Kimberly-Clark and Deltares Use Science-Based Tools and a Local Approach to Bring Collective Action at the Basin Level

Kimberly-Clark and Deltares Use Science-Based Tools and a Local Approach to Bring Collective Action at the Basin Level

Multimedia from this Release

Business, community and NGO leaders gather to discuss water risks and solutions at Kimberly-Clark’s Epping mill in South Africa.

Friday, March 22, 2019 - 10:15am


In 2018, after a three-year drought, Cape Town, South Africa, became the first major city to come within days of running out of water. As “Day Zero” approached, residents were limited to 50 liters of water a day. Businesses had to evolve processes to reduce water usage.

The Kimberly-Clark Epping mill is located just outside of Cape Town. The company knew that if Cape Town ran out of water it would be a threat to the business. Even more, it would be a threat to the surrounding community and Kimberly-Clark’s employees’ way of life.

Kimberly-Clark’s Sustainability 2022 water strategy takes a multi-stakeholder, local-facing approach to mitigate water risk. As the water crisis in Cape Town mounted, the company partnered with WWF to understand the local risk and started engaging with the local government. The company also began leveraging WaterLOUPE, an innovative tool Kimberly-Clark developed with Dutch research group Deltares.

WaterLOUPE shares data and insights on current and future risks to local water resources. The tool raises stakeholder awareness and provides a platform that encourages collaboration in developing sustainable water management plans.

Last month, Kimberly-Clark and Deltares gathered over 30 individuals from local and municipal government, local businesses, and NGOs at the Epping mill for a water scarcity workshop. The workshop engaged stakeholders to look at risks for the entire watershed and align objectives.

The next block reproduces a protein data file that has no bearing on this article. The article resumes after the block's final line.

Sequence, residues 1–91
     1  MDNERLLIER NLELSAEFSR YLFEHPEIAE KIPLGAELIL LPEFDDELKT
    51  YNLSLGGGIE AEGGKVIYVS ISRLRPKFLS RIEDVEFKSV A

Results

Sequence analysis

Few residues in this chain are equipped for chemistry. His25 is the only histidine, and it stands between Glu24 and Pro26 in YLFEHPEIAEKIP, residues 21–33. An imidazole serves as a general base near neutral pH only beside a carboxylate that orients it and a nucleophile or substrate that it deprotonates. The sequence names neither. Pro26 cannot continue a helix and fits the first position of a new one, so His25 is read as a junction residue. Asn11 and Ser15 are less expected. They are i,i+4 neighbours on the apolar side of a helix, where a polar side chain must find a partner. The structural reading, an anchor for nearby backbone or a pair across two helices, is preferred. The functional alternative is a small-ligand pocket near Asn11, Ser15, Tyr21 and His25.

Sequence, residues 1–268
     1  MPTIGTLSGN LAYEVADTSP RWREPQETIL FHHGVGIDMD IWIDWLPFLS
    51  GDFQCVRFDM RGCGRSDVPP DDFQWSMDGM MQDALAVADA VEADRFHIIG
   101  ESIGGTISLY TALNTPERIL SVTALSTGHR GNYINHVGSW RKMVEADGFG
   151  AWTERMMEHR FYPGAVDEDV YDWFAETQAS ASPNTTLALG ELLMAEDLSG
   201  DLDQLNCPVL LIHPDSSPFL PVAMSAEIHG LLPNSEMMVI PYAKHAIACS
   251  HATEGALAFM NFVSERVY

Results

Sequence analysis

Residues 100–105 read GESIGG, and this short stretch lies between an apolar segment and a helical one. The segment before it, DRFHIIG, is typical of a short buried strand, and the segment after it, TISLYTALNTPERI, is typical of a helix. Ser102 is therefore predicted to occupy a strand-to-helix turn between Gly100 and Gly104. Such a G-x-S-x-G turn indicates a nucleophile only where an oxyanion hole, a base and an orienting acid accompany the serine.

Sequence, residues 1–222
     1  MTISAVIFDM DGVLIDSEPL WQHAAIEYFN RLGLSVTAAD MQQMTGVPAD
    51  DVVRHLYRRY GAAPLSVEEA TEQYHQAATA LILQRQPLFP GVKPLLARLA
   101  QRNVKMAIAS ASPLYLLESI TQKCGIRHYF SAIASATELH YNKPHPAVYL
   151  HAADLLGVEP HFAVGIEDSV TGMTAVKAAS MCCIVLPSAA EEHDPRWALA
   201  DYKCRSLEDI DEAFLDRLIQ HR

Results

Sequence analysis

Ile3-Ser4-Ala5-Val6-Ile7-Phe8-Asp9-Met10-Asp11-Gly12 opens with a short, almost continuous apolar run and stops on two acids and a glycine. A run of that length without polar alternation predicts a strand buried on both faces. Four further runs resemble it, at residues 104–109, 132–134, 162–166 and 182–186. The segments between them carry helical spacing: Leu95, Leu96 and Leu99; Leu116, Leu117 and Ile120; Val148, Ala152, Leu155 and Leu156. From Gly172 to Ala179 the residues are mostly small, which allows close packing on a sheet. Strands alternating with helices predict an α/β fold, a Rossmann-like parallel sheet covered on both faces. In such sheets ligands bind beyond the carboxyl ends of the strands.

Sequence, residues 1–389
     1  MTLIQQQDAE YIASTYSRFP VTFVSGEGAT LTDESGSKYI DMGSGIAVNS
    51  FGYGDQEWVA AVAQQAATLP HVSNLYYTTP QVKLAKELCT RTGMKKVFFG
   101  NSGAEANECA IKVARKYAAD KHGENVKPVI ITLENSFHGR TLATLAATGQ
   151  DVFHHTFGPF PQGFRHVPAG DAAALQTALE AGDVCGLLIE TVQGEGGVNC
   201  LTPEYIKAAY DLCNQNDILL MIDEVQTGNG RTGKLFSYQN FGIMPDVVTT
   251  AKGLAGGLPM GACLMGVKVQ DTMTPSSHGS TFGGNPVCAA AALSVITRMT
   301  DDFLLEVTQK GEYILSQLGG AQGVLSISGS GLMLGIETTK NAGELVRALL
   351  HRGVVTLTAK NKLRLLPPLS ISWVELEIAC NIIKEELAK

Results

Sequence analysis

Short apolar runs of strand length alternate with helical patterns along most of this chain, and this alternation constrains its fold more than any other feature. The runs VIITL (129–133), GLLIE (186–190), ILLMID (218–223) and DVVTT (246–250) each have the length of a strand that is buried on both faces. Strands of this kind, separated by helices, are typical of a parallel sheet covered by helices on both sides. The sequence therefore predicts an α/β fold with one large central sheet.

“Water is a shared resource,” Jim Bath, Kimberly-Clark’s Director of Environmental Sustainability, said during the workshop. “We should have shared objectives and shared accountability. We need to work with all of the stakeholders in the watershed to come up with a sustainable water use plan that will serve everyone's needs, including Kimberly Clark.”

Using the data from the workshop, a WaterLOUPE water scarcity risk dashboard will be created, which can be utilized to scientifically model potential solutions. Kimberly-Clark and Deltares will gather stakeholders for a follow-up workshop in August to discuss strategies.

Cape Town was able to avoid “Day Zero” but the threat is still there. Local engagement and WaterLOUPE is working to drive collective action for sustainable water stewardship in Cape Town and other water-stressed regions of the world.

Watch a preview of Kimberly-Clark’s mini-documentary on the water risk workshop on our Facebook page, and read more on about our work in water-stressed areas.

CATEGORY: Environment